Minnesota Power, long the state’s most coal-dependent electric utility, said Thursday that it will stop burning the fuel next year at a large power plant on Lake Superior’s North Shore.
The utility, whose 144,000 northern Minnesota customers include power-hungry iron ore plants, said idling and eventually retiring the Taconite Harbor power plant in Schroeder, Minn., will save money and help meet a goal of reducing greenhouse gas emissions.
One of the three generating units at the plant already has stopped burning coal, and the remaining two will be idled in 2016, probably in the fall, the company said. To replace the plant’s power, the company said it intends to purchase electricity off the Midcontinent power grid, where favorable wholesale prices make it a good time to buy.
“The decisions we are making here are in the best interest of customers,” Al Rudeck, vice president of strategy and planning for the Duluth-based utility, said in an interview. “This is being done for economic reasons because of the wholesale market prices.”
Rudeck said the decision to idle the Taconite Harbor plant is not related to cutbacks in the taconite industry, its largest power user. The 42 power plant employees will be offered other utility jobs next fall, though plant won’t be retired until 2020, he said.
The utility, a unit of Duluth-based Allete Co., also said it plans to boost its energy efficiency efforts, add 33 megawatts of solar power and build up to 300 megawatts of natural gas-fired generation by 2030. A megawatt is 1 million watts.
These steps are part of Minnesota Power’s plan called Energy Forward announced in 2013. The goal is to get one third of the utility’s electricity from renewable sources, one third from natural gas and one third from coal. The utility, which once got nearly all its power from burning coal, now relies on it for about 75 percent of its energy.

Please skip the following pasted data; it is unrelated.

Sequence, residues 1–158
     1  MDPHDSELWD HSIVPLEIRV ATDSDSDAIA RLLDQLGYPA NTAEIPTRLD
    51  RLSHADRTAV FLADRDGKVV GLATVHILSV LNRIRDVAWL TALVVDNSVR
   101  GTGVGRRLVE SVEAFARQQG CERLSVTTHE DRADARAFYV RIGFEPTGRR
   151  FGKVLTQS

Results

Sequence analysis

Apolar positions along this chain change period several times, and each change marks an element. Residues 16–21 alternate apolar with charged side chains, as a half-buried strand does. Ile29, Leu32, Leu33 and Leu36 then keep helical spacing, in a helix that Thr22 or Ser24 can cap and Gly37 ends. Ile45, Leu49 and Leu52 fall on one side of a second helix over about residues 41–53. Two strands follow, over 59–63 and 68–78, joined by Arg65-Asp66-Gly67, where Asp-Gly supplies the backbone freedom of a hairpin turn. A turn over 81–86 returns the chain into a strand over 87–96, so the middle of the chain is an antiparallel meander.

“This is a critical step for Minnesota. As renewable energy like wind and solar continue to undercut the costs of new natural gas, they can provide a lower-cost, cleaner option than natural gas for new electricity,” said J. Drake Hamilton, science policy director at Fresh Energy, a St. Paul nonprofit that advocates for cleaner energy. “Those renewable resources, together with vastly improved energy efficiency, will allow Minnesota Power to shut down dirty, inefficient coal plants ….”
Rudeck said Taconite Harbor won’t be a potential site for a new natural gas power plant because there is no gas pipeline serving it. He said the company is working with community officials to repurpose the plant, but has no specific plans yet. Minnesota Power acquired it from a bankrupt taconite company in 2001.
The utility also recently stopped burning coal at its Laskin Energy Center in Aurora, Minn., after converting its two units to burn natural gas. The utility’s other coal power plant, the four-unit Boswell Energy Center in Cohasset, Minn., will remain in operation. The largest Boswell unit, which is part owned by another utility, is undergoing a $325 million pollution-control upgrade.
With Minnesota Power’s announcement, a total of 14 coal-burning generators at six Minnesota power plants are now retired or will be by 2020. The other plants are owned by various utilities, including Xcel Energy, Rochester Public Utilities and Otter Tail Power Co.